Friday, October 2, 2020

Well, that Kimberly Guilfoyle story is somethin' else...

 You know I wouldn't take a break from my series on Judge Barrett's employment law decisions if it wasn't important... or scandalous. Okay, this is not exactly hard-hitting legal analysis, but it is a fascinating look at a high profile sexual harassment allegation. 

The New Yorker published a story, The Secret History of Kimberly Guilfoyle's Departure from Fox. It includes serious allegations:

[T]he assistant alleged that Guilfoyle, her direct supervisor, subjected her frequently to degrading, abusive, and sexually inappropriate behavior; among other things, she said that she was frequently required to work at Guilfoyle’s New York apartment while the Fox host displayed herself naked, and was shown photographs of the genitalia of men with whom Guilfoyle had had sexual relations. The draft complaint also alleged that Guilfoyle spoke incessantly and luridly about her sex life, and on one occasion demanded a massage of her bare thighs; other times, she said, Guilfoyle told her to submit to a Fox employee’s demands for sexual favors, encouraged her to sleep with wealthy and powerful men, asked her to critique her naked body, demanded that she share a room with her on business trips, required her to sleep over at her apartment, and exposed herself to her, making her feel deeply uncomfortable.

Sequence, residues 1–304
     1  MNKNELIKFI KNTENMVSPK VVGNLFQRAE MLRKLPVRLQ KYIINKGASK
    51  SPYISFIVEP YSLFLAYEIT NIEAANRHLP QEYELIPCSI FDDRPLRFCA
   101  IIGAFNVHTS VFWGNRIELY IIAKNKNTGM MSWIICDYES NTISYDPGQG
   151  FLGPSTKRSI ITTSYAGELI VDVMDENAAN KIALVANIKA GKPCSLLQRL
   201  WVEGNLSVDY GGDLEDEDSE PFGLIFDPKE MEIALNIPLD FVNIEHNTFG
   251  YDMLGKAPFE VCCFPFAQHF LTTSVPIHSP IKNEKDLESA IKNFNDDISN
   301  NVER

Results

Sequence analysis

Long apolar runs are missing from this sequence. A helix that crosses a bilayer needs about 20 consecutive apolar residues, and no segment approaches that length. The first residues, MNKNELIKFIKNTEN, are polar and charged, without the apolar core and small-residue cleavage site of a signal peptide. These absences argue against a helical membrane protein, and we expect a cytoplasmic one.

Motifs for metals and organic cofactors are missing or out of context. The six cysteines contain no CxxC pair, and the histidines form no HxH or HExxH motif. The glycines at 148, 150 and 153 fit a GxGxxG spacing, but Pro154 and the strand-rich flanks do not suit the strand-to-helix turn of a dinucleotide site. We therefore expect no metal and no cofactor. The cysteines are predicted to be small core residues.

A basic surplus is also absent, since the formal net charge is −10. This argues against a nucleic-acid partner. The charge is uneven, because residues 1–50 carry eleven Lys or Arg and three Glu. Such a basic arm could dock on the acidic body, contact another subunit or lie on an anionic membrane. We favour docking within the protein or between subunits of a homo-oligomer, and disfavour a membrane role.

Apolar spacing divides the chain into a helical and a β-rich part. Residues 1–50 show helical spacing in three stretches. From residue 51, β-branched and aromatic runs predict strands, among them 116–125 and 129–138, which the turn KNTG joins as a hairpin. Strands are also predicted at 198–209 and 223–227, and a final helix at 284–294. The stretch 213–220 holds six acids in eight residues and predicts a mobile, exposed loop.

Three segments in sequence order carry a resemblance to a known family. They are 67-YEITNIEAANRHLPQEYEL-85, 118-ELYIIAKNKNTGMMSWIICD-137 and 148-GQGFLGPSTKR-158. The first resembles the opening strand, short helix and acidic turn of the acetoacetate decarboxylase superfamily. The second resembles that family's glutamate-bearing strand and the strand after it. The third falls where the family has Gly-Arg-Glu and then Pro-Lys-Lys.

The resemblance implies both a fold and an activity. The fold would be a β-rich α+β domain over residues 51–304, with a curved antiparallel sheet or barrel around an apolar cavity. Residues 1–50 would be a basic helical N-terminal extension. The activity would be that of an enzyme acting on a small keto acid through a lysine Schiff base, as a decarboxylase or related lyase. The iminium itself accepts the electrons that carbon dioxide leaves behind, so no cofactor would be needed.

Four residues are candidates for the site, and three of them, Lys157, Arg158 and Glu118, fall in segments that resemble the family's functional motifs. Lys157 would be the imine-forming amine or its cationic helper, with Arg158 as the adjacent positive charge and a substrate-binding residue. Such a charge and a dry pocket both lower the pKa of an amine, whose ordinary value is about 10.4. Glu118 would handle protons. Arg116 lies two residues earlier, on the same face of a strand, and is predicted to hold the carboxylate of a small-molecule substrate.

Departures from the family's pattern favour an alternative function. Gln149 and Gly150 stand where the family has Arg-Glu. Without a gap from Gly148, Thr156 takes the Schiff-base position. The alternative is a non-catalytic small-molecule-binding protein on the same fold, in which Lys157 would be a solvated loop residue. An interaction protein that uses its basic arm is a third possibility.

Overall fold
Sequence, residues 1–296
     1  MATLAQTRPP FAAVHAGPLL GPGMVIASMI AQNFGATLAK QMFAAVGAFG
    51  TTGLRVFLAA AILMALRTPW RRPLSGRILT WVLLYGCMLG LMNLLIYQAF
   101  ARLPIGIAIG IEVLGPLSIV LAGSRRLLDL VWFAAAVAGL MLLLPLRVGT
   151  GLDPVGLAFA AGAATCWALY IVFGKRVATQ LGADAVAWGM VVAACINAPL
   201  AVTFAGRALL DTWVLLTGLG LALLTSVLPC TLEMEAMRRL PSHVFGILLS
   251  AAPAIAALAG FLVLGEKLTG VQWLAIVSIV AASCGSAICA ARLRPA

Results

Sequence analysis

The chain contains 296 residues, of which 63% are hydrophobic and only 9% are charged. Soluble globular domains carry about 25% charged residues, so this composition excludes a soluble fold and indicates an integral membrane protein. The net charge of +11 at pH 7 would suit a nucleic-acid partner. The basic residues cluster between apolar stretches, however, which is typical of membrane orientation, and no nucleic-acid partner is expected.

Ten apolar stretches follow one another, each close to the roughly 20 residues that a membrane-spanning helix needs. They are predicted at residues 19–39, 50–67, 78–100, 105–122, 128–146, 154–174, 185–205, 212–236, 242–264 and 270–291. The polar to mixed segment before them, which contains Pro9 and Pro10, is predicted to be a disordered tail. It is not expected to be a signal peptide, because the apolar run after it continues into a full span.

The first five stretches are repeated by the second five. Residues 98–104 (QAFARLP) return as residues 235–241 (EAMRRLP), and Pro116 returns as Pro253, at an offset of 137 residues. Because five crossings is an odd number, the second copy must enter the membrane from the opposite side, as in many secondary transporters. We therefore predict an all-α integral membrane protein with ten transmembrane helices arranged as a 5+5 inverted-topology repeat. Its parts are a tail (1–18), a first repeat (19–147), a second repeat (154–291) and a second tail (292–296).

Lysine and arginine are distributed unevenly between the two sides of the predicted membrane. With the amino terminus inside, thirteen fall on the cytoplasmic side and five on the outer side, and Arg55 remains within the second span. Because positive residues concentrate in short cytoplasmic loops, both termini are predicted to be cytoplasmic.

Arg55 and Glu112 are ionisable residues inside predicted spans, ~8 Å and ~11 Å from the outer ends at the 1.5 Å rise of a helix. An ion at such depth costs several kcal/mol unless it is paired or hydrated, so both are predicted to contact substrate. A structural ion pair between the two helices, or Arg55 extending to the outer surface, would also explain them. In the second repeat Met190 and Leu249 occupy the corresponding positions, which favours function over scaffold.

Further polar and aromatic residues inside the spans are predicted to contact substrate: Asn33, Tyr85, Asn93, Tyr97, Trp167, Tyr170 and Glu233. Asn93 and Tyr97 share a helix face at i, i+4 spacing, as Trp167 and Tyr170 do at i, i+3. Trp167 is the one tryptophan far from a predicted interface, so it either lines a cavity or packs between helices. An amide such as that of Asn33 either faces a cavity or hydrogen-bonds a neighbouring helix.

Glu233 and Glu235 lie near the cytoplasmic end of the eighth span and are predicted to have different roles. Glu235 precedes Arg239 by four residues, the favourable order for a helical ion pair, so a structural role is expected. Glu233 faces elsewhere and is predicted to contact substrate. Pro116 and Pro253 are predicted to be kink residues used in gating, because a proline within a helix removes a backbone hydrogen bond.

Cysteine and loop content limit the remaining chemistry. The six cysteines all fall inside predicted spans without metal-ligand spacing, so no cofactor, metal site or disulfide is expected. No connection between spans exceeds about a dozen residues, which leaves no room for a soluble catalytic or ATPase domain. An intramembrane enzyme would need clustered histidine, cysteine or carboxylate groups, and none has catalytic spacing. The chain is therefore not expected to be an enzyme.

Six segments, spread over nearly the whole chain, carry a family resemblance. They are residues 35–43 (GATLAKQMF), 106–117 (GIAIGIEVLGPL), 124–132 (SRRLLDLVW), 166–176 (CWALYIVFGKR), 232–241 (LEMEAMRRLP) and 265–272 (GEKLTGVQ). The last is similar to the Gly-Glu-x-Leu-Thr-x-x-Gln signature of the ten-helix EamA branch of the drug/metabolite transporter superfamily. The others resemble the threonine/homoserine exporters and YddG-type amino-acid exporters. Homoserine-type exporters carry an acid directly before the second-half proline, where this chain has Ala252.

Guilfoyle reportedly denies the allegations. Per the article, Fox settled for "upward of four million dollars." 

This highlights the potential dangers of subordinates working with supervisors outside of a traditional workplace (like, the supervisor's apartment). These risks will likely be heightened as we go to more and more distributed work settings (work from home, work from coffee shop, work from AirBnB, etc.). Also, it's not just men engaging in workplace harassment. 

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